12. Join an Online Booking Service. If you run a hospitality business (hotel, bar, pub, café or coffee shop) consider joining one of the online booking services, such as Top Table, or Gourmet Society. This will bring you to the attention of travelers from other areas who might not otherwise find you, and you can also offer special deals through some sites. This can be a two-edged sword, of course, as the site will probably also carry reviews by your customers – but if you offer high-quality service and excellent food and drink, good reviews will boost your reputation.

13. Carry Out a Survey. Have a supply of small cards by the till as each customer completes their transaction with you, asking the customer to complete a short survey on their experience with your business, and to fill in their details (especially email address). Offer a small monthly prize as an incentive. This will not only give you valuable feedback on your success (or otherwise), but you will build up a database of email addresses, which you can use for promotional emails, newsletters etc. For ideas on how to use these, click on.

14. Collect Business Cards. Copy those city centre restaurants and have a large glass bowl by the cash desk, to collect business cards (or hand-written contact details slips) from customers, with a monthly draw for, say, a free bottle of wine or champagne – this is another way of building a database for future marketing activities.

15. New Image Party. When you re-decorate your premises, hold a “New Image” party, inviting local press, radio, community dignitaries, neighbours, the general public and previous customers from your database, to show off your new premises, and launch new products or services.

16. Professional Brochure or Leaflet. With desktop publishing software available on every PC and laptop, there is no excuse for unprofessional looking publicity material. Have a nit-picking friend read through any leaflet/flyer/ poster you propose to use, to check for grammatical, punctuation and spelling mistakes.

17. Error-free Website. The same applies to your website – your professionalism is in doubt right away if your website is riddled with typing errors, misplaced apostrophes, poor punctuation and grammatical mistakes. Don’t assume your website designer will correct your text – he or she is an expert in computers not grammar. If you can’t afford a proofreader, ask a fussy friend or relation to check it for you.

18. Superior Telephone Service. Is your telephone system as good as it could be? During working hours, make sure every call is answered within 3 rings and that the greeting you give is friendly and personal. Ensure that the person who answers your calls is trained to deal with the majority of customers’ questions themselves. After hours or at busy times, make sure your answerphone message is professional, helpful, and proactive. Not just “please leave a message” but “we are so sorry that no-one is able to help you right away, but we promise to call you back by 9:30am tomorrow if you would be kind enough to leave your number” or something similar. And make certain you always deliver on that promise.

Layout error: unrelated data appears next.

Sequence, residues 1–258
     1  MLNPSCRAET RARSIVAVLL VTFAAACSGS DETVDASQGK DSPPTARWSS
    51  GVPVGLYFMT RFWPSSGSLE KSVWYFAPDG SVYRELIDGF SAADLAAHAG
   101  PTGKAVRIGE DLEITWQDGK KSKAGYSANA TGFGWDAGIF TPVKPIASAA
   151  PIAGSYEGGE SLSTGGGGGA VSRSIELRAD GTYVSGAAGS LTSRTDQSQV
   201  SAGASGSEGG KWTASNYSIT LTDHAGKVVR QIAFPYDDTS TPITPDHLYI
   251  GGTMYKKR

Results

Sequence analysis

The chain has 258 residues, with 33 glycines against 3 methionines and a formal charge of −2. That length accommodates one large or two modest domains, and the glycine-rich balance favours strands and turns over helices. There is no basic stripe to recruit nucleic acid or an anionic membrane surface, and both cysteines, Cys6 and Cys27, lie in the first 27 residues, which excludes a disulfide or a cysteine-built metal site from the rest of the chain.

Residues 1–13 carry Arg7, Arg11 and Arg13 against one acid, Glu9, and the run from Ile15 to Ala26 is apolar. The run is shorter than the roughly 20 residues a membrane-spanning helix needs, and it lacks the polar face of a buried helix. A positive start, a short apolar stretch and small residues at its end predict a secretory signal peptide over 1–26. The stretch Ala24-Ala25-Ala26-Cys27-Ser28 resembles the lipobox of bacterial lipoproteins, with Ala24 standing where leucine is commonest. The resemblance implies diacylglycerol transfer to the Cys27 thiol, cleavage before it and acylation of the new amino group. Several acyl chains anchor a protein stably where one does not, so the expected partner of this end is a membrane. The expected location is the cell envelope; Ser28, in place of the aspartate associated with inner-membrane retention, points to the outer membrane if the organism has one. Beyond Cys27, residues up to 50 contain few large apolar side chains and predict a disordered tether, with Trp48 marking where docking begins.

19. Community Visibility. Join fellow Business people at the local Chamber of Commerce, Business Clubs, Rotary Club, Round Table etc. Get involved in local charity events, so you gain a positive reputation for contributing to the community.

20. Get Involved in Local Events and Activities. If there is a community event in your town, make sure you are there to publicise your business – maybe you can have small samples to give away, or hand out a voucher for a discount at your business. If there is a local charity event, take part yourself (or sponsor someone else to do so) carrying/wearing your business name.

I really hope you enjoyed those 20 tips. Just one that works should help you to explode your profits!

Would you like tip 21 to 70? If so head to to download the full ebook 70 Marketing Ideas: That Won’t Break The Bank. It’s completely free.

About the author


Simon Lovell


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  • #10 is particularly powerful. There’s nothing quite like getting people to become brand evangelists, and a spectacular way to do that is by getting customers motivated to engage with your brand.

  • Local business promotion approaches are not like no- local business promotion approaches. I always recommend local advertisement through tv, news paper, social media, event donation etc. that work magically.

  • Very good info.. Also, influencer marketing is increasing day by day. Getting in touch with social media influencer will help small business owners a lot.

    Some tips:- Connect with FB page owners with more than 10 thousands followers who shares similar posts as of your business niche.